She's climbed the Seven Summits and twice led expeditions up Everest. But one of her favourite places to go is closer to home... in the much-maligned Drumochter Hills. Fiona Russell talks walking with mountain instructor, skier and all-round high achiever Di Gilbert.
Di Gilbert is a hugely experienced mountaineer, climber and skier. In 2005, she became only the second Scottish woman to climb Mount Everest, and while she said she would never return, in 2019 she did – joining a very small group of females who have led more than one expedition to the roof of the world. She has also competed the "Seven Summits", the highest peaks on the world's seven continents.
Di, 46, will be returning to Everest in 2020 for a third time to lead the Adventure Peaks North Ridge Expedition. She also hopes to return to K2 as expedition leader with the Adventure Peaks K2 Expedition. In 2016, she led the first British Expedition in 12 years to K2 but due to a huge avalanche that destroyed Camp 3, the season ended early and the expedition was abandoned.
The first time I said out aloud that I was actually bagging Munros was a pivotal moment in my life
She has represented Great Britain in the International Ski Mountaineering Federation's World Championships and is a director of Skimo Scotland, the home of ski mountaineering racing in Scotland.
It took Di 6773 days, or 18 years, 6 months and 18 days, to complete her first round of Munros, which is a lot longer than she took to summit the world's seven summits. She is now working on the Corbetts.
Di spent four Antarctic seasons based at Patriot Hills, initially as a guide, before becoming a field operations manager. She has also been inducted into the University of Strathclyde's Sports Hall of Fame in Glasgow and awarded an Honorary Full Sporting Blue for showing an outstanding high level of sporting achievement.
Originally from Aberdeenshire, Di's home for the past 25 years has been the Spey Valley in the heart of the Cairngorms National Park, where she works as a winter mountaineering and climbing instructor.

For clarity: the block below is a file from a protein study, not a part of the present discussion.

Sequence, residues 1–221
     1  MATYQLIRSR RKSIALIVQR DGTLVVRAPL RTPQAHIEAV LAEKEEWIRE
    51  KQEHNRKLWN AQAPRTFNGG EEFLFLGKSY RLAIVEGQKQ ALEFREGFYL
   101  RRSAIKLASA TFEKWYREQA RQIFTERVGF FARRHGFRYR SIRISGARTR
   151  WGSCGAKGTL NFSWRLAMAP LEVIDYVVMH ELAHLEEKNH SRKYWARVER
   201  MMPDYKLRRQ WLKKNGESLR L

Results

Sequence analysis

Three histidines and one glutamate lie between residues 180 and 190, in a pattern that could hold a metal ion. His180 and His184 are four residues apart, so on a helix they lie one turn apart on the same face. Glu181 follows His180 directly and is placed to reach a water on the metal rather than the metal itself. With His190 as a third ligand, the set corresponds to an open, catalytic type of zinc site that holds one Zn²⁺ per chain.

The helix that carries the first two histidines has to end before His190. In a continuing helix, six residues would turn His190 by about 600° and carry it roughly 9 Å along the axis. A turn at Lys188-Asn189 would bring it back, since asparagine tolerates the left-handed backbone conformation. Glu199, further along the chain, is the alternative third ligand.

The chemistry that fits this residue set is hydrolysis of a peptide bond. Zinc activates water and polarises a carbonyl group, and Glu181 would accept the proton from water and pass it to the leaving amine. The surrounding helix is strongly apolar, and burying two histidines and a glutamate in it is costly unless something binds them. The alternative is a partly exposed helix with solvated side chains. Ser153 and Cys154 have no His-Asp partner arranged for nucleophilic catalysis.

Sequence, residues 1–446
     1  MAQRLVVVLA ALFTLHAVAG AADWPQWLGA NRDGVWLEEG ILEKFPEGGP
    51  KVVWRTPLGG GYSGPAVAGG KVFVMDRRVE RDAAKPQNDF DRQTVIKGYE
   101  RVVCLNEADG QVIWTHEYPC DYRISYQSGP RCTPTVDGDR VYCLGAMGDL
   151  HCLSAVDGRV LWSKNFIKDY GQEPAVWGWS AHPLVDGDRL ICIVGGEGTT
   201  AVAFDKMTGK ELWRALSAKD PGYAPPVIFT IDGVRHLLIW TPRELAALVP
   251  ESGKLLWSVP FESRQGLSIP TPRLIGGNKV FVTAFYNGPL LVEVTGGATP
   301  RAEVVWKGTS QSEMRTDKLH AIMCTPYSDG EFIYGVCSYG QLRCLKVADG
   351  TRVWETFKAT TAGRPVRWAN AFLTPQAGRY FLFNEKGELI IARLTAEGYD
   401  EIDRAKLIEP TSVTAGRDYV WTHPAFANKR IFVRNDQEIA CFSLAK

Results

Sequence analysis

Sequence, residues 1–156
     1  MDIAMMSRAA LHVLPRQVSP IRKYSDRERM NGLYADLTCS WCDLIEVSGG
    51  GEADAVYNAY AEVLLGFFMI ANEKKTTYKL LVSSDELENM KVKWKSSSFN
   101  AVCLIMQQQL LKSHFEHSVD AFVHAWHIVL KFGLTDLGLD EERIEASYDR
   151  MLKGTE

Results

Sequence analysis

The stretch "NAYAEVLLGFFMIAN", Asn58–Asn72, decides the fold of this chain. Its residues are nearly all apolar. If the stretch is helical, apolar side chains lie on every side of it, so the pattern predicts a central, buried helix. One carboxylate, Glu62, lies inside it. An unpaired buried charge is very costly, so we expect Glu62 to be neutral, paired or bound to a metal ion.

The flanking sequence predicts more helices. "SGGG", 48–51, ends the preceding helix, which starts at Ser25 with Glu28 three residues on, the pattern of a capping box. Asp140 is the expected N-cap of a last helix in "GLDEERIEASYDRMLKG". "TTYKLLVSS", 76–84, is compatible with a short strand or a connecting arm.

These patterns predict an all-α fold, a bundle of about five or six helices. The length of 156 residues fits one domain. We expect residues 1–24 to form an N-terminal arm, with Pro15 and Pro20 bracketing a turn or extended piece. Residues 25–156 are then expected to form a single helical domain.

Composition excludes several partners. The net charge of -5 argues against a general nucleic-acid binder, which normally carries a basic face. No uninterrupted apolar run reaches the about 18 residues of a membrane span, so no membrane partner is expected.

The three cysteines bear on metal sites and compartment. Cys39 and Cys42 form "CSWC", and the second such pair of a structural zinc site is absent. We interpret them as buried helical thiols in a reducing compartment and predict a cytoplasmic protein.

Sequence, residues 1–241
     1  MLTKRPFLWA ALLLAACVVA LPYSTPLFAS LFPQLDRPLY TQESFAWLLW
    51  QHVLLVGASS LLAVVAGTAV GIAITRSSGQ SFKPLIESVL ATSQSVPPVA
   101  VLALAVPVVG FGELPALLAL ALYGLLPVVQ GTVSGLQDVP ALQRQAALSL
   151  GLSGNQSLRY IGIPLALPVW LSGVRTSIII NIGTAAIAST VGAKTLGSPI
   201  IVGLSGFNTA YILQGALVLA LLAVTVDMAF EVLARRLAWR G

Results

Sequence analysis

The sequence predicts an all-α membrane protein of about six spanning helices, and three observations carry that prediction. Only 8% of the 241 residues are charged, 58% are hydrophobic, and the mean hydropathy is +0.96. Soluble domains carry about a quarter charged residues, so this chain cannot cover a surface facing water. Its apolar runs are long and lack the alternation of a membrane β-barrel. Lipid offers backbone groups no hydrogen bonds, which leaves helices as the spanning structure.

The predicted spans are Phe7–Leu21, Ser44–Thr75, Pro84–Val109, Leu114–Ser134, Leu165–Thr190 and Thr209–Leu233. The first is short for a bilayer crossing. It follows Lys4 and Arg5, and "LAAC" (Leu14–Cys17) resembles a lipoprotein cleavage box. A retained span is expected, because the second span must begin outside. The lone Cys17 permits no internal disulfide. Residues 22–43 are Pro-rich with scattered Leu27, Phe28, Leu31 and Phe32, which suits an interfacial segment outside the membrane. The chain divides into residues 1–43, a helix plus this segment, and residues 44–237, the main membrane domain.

She says: "I have never had a proper job and it is unlikely that this will change now."
What is your first memory of walking in the hills or mountains?
It was a walk up Bennachie in Aberdeenshire when I was a tot with family friends. I probably moaned all the way to the top because I was the smallest. Or maybe I was carried.
Who introduced you to the joys of the great outdoors?
My mum has to take credit for this and her involvement with the Air Training Corps. I didn't get off to a great start with mountain climbing, however. I have horrible memories of thigh-deep heather and over-laden Duke of Edinburgh expedition rucksacks. But, still, I went on to study Outdoor Education at Aberdeen College, where I met a very enthusiastic lecturer called Chris Pounds. He lit the rock climbing fire within me and this opened up the mountain scene. After that there have been lots of influencers, but mum and Chris were the first.
When did you realise you would be a keen life-long walker?
I didn't realise I was, rather it's just in-built I think. However, the first time I said out aloud that I was actually bagging Munros was a pivotal moment in my life.
Do you prefer coast, hills, moorland or mountain ridges?
It's the variety that keeps me going, to be honest. I am not a huge fan of trudging through deep heather-clad moorland but we have such a variety of terrain in Scotland that it's hard to say where I prefer.
Are you a fair weather or any weather walker?
To become a competent walker in the hills you have to be able to operate in any overhead/underfoot conditions. Bad mountain weather often throws up some of the most spectacular weather days so although I wouldn't purposely head out in a diabolical forecast, I don't mind getting caught out in it.
What are your three all-time favourite locations to go for a walk?
The Cairngorms, because it's home.
The Drumochter hills, because if I am there, on the A9, it means I'm probably driving home after a spell away.
I really enjoy spending time with people in the hills and I suppose that is why I do what I do for a living